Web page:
Longitudinal patterns of physical activity in children aged 8 to 12 years: The LOOK study

Rohan Telford, Ross B. Cunningham, Tom COCHRANE, Rachel DAVEY, Gordon WADDINGTON

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Abstract

Background Data on longitudinal monitoring of daily physical activity (PA) patterns in youth over successive years is scarce but may provide valuable information for intervention strategies aiming to promote PA. Methods Participants were 853 children (starting age ~8 years) recruited from 29 Australian elementary schools. Pedometers were worn for a 7-day period each year over 5 consecutive years to assess PA volume (steps per day) and accelerometers were worn concurrently in the final 2 years to assess PA volume (accelerometer counts (AC) per day), moderate and vigorous PA (MVPA), light PA (LPA) and sedentary time (SED). A general linear mixed model was used to examine daily and yearly patterns. Results A consistent daily pattern of pedometer step counts, AC, MVPA and LPA emerged during each year, characterised by increases on school days from Monday to Friday followed by a decrease on the weekend. Friday was the most active and Sunday the least active day. The percentage of girls and boys meeting international recommendations of 11,000 and 13,000 steps/day respectively on a Monday, Friday and Sunday were 36%, 50%, 21% for boys and 35%, 45%, 18% for girls. The equivalent percentages meeting the recommended MVPA of >60 min/day on these days were 29%, 39%, 16% for boys and 15%, 21%, 10% for girls. Over the 5 years, boys were more active than girls (mean steps/day of 10,506 vs 8,750; p<0.001) and spent more time in MVPA (mean of 42.8 vs 31.1 min/day; p<0.001). Although there was little evidence of any upward or downward trend in steps/day from age 8 to 12 years, there was a trend toward lower MVPA, LPA and a corresponding increase in SED from age 11 to 12 years. Conclusion A weekly pattern of PA occurred in children as young as age 8 on a day by day basis; these patterns persisting through to age 12. In addition to supporting previous evidence of insufficient PA in children, our data, in identifying the level and incidence of insufficiency on each day of the week, may assist in the development of more specific strategies to increase PA in community based children
Original languageEnglish
Pages (from-to)1-12
Number of pages12
JournalThe International Journal of Behavioral Nutrition and Physical Activity
Volume10
Issue number81
DOIs
Publication statusPublished - 2013

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@article{49bbc24819a34fc094919654941539d4,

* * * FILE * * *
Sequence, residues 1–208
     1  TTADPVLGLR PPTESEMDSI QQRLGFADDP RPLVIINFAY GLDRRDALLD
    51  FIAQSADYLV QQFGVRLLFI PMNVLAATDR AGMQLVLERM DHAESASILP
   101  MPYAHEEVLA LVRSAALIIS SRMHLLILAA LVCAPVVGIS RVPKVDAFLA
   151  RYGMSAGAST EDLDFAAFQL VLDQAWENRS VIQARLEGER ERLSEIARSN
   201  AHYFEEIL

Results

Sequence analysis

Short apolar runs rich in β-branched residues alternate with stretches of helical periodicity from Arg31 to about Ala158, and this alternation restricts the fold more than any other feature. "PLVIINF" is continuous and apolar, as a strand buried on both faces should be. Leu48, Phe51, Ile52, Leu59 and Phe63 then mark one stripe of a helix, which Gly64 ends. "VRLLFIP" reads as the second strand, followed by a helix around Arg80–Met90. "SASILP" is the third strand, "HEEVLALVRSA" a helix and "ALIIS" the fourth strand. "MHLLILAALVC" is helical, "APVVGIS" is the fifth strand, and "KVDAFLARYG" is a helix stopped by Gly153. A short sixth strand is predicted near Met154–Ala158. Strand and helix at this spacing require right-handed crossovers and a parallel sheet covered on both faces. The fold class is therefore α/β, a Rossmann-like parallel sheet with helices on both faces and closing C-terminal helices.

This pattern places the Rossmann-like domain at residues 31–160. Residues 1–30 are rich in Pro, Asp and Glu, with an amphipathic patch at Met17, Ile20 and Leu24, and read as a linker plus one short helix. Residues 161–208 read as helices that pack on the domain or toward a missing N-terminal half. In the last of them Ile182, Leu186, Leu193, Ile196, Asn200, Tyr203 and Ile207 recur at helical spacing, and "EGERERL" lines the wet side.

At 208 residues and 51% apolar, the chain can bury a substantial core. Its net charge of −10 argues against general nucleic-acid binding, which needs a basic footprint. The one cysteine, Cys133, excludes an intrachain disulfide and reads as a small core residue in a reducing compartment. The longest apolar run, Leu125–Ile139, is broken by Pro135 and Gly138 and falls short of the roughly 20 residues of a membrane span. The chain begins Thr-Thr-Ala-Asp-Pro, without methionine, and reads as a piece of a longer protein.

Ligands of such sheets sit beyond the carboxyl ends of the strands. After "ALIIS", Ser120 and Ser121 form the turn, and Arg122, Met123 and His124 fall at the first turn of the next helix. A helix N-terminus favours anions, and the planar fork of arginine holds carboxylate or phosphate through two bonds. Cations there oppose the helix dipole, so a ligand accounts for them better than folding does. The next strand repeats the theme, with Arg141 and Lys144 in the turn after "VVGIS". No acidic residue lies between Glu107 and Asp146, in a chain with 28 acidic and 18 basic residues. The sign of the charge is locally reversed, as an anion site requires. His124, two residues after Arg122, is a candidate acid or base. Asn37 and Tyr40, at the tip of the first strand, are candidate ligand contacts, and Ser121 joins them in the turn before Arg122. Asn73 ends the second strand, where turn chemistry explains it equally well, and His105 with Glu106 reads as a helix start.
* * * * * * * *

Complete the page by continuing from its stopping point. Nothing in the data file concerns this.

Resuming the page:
title = "Longitudinal patterns of physical activity in children aged 8 to 12 years: The LOOK study",
abstract = "Background Data on longitudinal monitoring of daily physical activity (PA) patterns in youth over successive years is scarce but may provide valuable information for intervention strategies aiming to promote PA. Methods Participants were 853 children (starting age ~8 years) recruited from 29 Australian elementary schools. Pedometers were worn for a 7-day period each year over 5 consecutive years to assess PA volume (steps per day) and accelerometers were worn concurrently in the final 2 years to assess PA volume (accelerometer counts (AC) per day), moderate and vigorous PA (MVPA), light PA (LPA) and sedentary time (SED). A general linear mixed model was used to examine daily and yearly patterns. Results A consistent daily pattern of pedometer step counts, AC, MVPA and LPA emerged during each year, characterised by increases on school days from Monday to Friday followed by a decrease on the weekend. Friday was the most active and Sunday the least active day. The percentage of girls and boys meeting international recommendations of 11,000 and 13,000 steps/day respectively on a Monday, Friday and Sunday were 36{\%}, 50{\%}, 21{\%} for boys and 35{\%}, 45{\%}, 18{\%} for girls. The equivalent percentages meeting the recommended MVPA of >60 min/day on these days were 29{\%}, 39{\%}, 16{\%} for boys and 15{\%}, 21{\%}, 10{\%} for girls. Over the 5 years, boys were more active than girls (mean steps/day of 10,506 vs 8,750; p<0.001) and spent more time in MVPA (mean of 42.8 vs 31.1 min/day; p<0.001). Although there was little evidence of any upward or downward trend in steps/day from age 8 to 12 years, there was a trend toward lower MVPA, LPA and a corresponding increase in SED from age 11 to 12 years. Conclusion A weekly pattern of PA occurred in children as young as age 8 on a day by day basis; these patterns persisting through to age 12. In addition to supporting previous evidence of insufficient PA in children, our data, in identifying the level and incidence of insufficiency on each day of the week, may assist in the development of more specific strategies to increase PA in community based children",
keywords = "Accelerometers, Children, Daily, Habitual, Longitudinal, Patterns, Pedometers, Physical activity, Recommendations, Trends",
author = "Rohan Telford and Cunningham, {Ross B.} and Tom COCHRANE and Rachel DAVEY and Gordon WADDINGTON",
year = "2013",